Hong Kong Intervenes to Defend Currency Peg for First Time Since May
(Bloomberg) -- Hong Kong intervened for a second day to defend its currency’s peg to the dollar after it fell to the weak end of its trading band.
The Hong Kong Monetary Authority bought HK$2.355 billion ($300 million) of local dollars on Wednesday evening, according to the de facto central bank’s page on Bloomberg. That followed its purchase of HK$2.159 billion during New York trading hours Tuesday, its first intervention in three months. The city’s currency traded at HK$7.8500 as of 5:46 p.m. local time. The permitted trading range for Hong Kong dollar is HK$7.75-7.85 against the dollar.
The Turkey-induced turmoil in emerging markets has spurred risk aversion among investors and strengthened the greenback, putting the Hong Kong dollar under renewed pressure. Lower rates than the U.S. have also made the local currency an attractive target for shorting.
“Further intervention cannot be ruled out as Hong Kong dollar is trading very near HK$7.85 per dollar,” said Frances Cheung, Singapore-based head of Asia macro strategy at Westpac Banking Corp.
The HKMA has spent around HK$75 billion this year protecting the currency system, which has the effect of tightening liquidity in a city that’s enjoyed ultra-low borrowing costs as it imports U.S. monetary policy. The aggregate balance of the banking system will drop to HK$104.89 billion Friday.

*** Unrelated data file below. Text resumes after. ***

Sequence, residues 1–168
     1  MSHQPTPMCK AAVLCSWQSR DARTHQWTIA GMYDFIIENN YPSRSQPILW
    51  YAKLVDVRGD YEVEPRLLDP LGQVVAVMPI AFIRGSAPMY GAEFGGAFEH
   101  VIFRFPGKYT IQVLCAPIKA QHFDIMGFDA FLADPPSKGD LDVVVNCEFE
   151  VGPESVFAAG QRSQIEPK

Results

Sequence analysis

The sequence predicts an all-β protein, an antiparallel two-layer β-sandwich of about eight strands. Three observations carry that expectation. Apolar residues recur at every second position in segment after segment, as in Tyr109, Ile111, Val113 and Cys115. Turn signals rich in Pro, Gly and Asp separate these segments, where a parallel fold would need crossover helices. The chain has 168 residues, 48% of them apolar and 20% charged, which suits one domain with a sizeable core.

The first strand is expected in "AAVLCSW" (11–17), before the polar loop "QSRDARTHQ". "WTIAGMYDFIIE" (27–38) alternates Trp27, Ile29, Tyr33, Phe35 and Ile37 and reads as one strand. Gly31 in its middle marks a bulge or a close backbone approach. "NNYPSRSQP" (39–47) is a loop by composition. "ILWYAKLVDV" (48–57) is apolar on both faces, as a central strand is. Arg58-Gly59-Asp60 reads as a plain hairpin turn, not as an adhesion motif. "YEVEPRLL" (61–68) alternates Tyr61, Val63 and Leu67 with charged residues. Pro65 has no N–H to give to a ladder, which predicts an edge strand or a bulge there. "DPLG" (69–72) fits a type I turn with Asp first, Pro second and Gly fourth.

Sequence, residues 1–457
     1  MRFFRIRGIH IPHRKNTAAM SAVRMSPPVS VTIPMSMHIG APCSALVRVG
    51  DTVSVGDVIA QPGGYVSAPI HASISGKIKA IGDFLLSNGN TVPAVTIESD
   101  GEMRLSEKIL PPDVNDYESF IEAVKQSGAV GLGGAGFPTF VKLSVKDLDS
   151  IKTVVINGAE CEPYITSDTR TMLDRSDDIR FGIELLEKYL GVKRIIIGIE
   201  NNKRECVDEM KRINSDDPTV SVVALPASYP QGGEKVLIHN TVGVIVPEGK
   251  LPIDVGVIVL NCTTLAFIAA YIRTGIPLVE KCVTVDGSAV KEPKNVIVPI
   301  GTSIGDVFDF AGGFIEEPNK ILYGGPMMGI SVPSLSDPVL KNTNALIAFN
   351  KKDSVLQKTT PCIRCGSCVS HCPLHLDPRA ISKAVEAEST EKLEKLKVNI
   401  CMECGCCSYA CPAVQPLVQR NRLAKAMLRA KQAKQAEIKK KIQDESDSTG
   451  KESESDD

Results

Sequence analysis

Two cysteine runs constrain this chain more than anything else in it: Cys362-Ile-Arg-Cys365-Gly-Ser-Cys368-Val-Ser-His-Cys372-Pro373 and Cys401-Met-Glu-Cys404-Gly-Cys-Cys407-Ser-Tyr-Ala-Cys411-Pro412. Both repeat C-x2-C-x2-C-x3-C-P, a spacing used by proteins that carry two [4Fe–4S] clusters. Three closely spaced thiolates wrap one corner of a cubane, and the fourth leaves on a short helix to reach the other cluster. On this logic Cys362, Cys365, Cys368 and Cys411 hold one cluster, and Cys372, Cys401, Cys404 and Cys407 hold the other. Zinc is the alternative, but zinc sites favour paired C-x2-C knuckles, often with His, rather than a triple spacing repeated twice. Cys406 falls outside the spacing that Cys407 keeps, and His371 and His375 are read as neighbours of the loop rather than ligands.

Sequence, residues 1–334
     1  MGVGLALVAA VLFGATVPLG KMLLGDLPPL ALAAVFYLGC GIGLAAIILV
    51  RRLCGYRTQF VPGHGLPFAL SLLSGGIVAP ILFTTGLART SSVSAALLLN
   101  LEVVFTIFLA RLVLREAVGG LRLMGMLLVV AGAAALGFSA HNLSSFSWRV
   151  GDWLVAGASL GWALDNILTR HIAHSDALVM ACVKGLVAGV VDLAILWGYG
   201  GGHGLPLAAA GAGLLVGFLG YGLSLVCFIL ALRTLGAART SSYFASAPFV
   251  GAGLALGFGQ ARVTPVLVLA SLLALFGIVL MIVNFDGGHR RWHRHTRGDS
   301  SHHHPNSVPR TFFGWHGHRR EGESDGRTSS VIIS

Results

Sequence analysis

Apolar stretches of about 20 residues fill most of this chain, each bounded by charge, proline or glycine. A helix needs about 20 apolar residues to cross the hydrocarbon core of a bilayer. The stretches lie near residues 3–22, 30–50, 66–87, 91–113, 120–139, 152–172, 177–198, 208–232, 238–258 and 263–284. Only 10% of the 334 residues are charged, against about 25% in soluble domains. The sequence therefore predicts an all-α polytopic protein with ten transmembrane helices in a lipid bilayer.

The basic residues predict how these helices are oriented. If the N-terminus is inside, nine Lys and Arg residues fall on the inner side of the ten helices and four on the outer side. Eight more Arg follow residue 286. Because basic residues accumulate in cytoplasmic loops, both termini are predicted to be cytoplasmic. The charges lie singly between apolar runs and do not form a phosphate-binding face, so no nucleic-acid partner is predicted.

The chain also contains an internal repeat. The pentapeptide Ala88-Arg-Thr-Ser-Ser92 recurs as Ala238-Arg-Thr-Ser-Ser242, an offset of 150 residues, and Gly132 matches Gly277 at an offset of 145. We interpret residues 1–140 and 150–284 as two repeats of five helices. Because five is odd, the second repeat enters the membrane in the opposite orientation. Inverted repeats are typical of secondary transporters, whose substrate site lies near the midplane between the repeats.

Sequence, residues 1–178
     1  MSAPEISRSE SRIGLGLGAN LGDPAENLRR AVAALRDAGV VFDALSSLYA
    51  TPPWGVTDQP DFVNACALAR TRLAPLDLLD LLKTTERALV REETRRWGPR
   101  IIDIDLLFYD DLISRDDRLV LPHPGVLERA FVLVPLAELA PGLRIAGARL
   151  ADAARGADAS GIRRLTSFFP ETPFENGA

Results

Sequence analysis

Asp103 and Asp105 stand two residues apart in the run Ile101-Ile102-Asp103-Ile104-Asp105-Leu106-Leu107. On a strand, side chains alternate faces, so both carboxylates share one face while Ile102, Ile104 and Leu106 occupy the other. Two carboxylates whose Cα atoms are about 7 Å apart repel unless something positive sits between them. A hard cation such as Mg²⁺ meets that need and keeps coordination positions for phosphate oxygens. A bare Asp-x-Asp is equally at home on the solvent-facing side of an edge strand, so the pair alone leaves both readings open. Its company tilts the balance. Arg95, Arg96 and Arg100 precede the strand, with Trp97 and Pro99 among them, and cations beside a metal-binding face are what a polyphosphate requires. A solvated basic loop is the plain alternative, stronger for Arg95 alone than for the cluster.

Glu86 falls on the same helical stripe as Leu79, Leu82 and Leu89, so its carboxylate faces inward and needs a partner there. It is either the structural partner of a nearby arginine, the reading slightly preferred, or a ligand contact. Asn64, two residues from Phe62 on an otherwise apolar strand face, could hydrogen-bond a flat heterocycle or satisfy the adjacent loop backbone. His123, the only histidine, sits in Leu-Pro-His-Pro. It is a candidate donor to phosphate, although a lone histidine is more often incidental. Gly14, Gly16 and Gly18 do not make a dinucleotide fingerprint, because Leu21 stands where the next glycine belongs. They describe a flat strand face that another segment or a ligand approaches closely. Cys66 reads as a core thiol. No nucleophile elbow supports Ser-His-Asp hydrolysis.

The city has the ability to cope with market volatility and the challenges of capital outflows, HKMA Deputy Chief Executive Howard Lee said in an emailed statement Wednesday.
One-year Hong Kong interbank rates gained by the most in a month after the monetary authority’s action Tuesday, according to fixing from Hong Kong Association of Banks. A Bloomberg replica of the dollar spot index is poised for the highest close since June 2017.
The intervention also came as Hong Kong unexpectedly posted a quarter-on-quarter economic contraction for the three months ended June on the back of rising local rates. Home loan rates had their biggest jump in five years after major lenders including HSBC Holdings Plc and BOC Hong Kong Holdings Ltd. lifted the cap for mortgages linked to local interbank rates on Aug. 13.
The Hong Kong dollar is likely to stay weak in the near term, inviting more intervention from the monetary authority, said Irene Cheung, a foreign-exchange strategist at Australia & New Zealand Banking Group. The city’s aggregate balance may drop below HK$100 billion in the short run, she said.
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